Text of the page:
This is not to say that Mariette does not engage the black community when possible, or that I can speak for those most affected either. But as a journalist, it is my job to go where others cannot, and bring the story as I see it. It should also be noted that this is an opinion piece, and a blog at that, not published in the print or on-line version in the paper, and not meant to adequately and comprehensively reflect fact.

And so, in my personal opinion, this is what I saw: I saw that Mariette, while incredibly hard working and diligent, is also white and relatively wealthy, and that she has garnered more media attention than the much larger number of those who are primarily black and poor, living, working, and playing on the mine dumps and near polluted water. I saw that most of my contacts were white, and that I live in a country that is primarily black. I saw the media — myself included, at times — speaking more to outspoken white contacts than to quieter, harder to find black contacts.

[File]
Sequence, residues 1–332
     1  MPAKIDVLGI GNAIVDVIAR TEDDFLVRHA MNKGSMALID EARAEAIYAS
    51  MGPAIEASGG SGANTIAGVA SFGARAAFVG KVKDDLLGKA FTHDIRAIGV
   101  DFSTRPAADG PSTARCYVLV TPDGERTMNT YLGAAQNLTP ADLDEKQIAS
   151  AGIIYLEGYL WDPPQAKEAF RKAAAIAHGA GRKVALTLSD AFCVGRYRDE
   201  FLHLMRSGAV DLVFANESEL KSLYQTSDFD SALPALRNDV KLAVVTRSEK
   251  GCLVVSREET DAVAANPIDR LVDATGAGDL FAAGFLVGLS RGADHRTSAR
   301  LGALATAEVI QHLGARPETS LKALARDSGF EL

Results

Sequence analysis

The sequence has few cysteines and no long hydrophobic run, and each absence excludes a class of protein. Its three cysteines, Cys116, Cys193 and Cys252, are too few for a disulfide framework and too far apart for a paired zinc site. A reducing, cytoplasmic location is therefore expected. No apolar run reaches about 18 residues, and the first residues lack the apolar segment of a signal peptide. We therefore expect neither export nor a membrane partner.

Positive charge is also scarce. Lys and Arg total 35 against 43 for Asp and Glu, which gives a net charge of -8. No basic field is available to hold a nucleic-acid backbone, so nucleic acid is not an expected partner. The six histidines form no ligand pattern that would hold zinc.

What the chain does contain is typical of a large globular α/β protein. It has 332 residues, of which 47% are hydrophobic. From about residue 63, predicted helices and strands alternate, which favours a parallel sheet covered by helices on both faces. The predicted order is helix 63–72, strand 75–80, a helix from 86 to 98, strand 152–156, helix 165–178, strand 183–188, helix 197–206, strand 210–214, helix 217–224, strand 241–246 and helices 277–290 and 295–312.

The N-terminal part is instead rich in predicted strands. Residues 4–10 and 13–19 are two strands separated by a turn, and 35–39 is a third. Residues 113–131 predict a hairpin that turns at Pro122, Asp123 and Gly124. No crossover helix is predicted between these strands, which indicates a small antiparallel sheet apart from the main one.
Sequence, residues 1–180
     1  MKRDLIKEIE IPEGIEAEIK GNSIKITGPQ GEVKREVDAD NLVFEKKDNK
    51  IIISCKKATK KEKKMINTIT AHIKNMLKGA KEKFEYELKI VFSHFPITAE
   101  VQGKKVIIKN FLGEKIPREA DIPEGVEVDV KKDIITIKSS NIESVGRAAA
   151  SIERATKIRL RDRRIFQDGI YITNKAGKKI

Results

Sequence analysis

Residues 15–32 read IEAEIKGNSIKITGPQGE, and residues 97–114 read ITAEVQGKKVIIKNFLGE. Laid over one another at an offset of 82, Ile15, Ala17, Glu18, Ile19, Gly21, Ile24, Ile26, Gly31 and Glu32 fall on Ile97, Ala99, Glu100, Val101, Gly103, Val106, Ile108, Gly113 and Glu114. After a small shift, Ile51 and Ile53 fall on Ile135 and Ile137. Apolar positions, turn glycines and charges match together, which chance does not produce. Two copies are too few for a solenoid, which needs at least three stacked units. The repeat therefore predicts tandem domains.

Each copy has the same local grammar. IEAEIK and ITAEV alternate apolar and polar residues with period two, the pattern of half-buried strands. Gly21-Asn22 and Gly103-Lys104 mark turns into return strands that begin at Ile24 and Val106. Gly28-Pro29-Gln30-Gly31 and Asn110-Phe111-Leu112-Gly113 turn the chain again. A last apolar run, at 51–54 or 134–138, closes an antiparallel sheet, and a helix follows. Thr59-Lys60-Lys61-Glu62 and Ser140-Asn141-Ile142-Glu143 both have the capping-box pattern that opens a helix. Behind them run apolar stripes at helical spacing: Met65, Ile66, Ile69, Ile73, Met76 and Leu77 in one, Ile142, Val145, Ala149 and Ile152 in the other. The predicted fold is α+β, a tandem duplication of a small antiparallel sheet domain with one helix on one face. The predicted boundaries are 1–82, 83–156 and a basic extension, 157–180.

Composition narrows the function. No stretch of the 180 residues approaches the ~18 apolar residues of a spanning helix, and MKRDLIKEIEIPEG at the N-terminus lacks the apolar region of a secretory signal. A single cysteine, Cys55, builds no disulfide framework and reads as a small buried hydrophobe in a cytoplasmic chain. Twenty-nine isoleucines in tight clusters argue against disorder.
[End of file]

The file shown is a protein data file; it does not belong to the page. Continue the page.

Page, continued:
To not address race when it appeared so glaringly before me seemed irresponsible.

This is not about Mariette. This is about the system that she, and I, and you, and everyone within this country operates within. I am calling for that system to be changed. I have raised some questions, which are apparently provocative, but those that I believe need to be addressed.


  • The Mail & Guardian is featuring a series on acid mine drainage (AMD) in South Africa. This Thought Leader blog takes a behind-the-scenes look at each story, giving you a more in depth look at the relationship between mining and water and taking you into the homes, offices, and boardrooms of some of the country's most imminent and notorious activists, community leaders, scientists, and mining companies. This series was made possible through funding from the Open Society Foundation for South Africa's Media Fellowship Programme. To learn more about AMD, check out


Blood, gold and water

The Mail & Guardian is featuring a series on acid mine drainage (AMD) in South Africa. This Thought Leader blog takes a behind-the-scenes look at each story, giving you a more in depth look at the...